Jul 03, 2022
ExxonMobil indicated in a securities filing submitted just ahead of the holiday weekend that its profits doubled in the second quarter of 2022 compared to the first three months of the year, potentially reaching as high as $18 billion as the fossil fuel behemoth takes advantage of Russia's war on Ukraine to push sky-high gas prices onto consumers.
The Wall Street Journalreported that while the company's new projections "aren't precise and exclude certain factors, including specific costs incurred by Exxon," the corporation's second quarter "could be its most lucrative in at least 25 years."
"Exxon said it expects refining margins to increase by as much as $4.6 billion in the second quarter, and rising prices for crude oil, gas, and other liquids contributing another increase of as much as $3.3 billion," the Journal noted.
Exxon's latest quarterly boon comes as the oil industry is facing backlash from Congress, the White House, and the public for war profiteering on the backs of U.S. consumers, who have seen gas prices surpass $7 a gallon in parts of the country. Intensifying the outrage and bolstering calls for an excess profits tax, oil companies have directed large chunks of their windfall to share buybacks, further enriching executives and investors.
"As we head into the holiday weekend, Exxon is once again posting billions in record-breaking profits while hardworking Americans suffer at the pump," said Rep. Ro Khanna (D-Calif.), the lead sponsor of windfall profits tax legislation in the House.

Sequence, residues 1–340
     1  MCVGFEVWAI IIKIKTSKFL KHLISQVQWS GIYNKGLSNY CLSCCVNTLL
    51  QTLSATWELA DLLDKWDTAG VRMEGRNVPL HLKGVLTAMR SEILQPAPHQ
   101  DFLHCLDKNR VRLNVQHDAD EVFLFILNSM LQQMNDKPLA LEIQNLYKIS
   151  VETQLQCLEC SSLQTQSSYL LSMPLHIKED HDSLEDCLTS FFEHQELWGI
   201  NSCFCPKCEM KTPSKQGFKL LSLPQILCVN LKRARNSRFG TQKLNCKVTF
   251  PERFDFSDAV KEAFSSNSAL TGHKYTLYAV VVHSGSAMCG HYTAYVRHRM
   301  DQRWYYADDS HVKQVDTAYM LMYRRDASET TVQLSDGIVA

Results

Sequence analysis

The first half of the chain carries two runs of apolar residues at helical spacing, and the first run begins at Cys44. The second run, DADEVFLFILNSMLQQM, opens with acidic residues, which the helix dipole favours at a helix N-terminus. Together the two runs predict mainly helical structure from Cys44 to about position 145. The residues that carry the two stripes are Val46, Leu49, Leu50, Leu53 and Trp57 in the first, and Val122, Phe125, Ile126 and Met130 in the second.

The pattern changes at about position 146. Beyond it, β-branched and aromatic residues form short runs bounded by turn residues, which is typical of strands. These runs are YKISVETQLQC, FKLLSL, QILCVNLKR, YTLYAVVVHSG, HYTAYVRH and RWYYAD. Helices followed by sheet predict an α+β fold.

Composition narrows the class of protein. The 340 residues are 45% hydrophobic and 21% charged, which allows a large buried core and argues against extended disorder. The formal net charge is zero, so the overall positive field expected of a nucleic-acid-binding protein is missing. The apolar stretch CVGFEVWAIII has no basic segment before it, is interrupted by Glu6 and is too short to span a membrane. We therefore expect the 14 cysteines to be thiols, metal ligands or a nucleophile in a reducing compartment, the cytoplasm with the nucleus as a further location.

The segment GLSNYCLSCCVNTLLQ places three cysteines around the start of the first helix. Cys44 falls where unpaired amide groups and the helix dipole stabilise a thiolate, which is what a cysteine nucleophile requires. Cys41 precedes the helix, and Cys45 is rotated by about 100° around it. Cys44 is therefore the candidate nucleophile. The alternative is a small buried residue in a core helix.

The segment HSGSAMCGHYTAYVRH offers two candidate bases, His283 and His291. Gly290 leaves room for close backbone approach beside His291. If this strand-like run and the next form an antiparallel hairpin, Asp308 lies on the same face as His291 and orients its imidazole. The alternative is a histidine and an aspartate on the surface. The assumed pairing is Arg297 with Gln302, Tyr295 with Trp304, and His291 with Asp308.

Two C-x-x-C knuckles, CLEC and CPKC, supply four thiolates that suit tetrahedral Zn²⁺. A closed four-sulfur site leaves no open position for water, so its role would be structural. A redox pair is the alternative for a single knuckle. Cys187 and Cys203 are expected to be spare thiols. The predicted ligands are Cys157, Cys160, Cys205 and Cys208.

If passed, the measure would impose a new tax on profitable oil companies and use the revenue to pay out quarterly rebates to U.S. households.
"We need to pass my Big Oil Windfall Tax bill with Sen. Sheldon Whitehouse to give working families a refund," Khanna said Saturday.
Despite the broad popularity of a windfall profits tax, President Joe Biden has thus far declined to push for one, largely resorting to pleading with oil companies to voluntarily bring down prices. He did so again in a tweet on Saturday, writing that "this is a time of war and global peril."
"Bring down the price you are charging at the pump to reflect the cost you're paying for the product. And do it now," Biden demanded.
Instead of supporting a windfall profits tax, Biden last month urged Congress to approve a three-month suspension of federal gasoline and diesel taxes, a move that even members of his own administration concede would do little to bring down gas prices.
In response to the president's social media post on Saturday, Sen. Bernie Sanders (I-Vt.) wrote that "President Biden is right: The big oil companies must stop profiteering and bring down gas prices."
"But we need more than a tweet," added Sanders, the chair of the Senate Budget Committee. "It's time for the president to demand that Congress pass a windfall profits tax on Big Oil and use the revenue to provide rebates to consumers NOW!"
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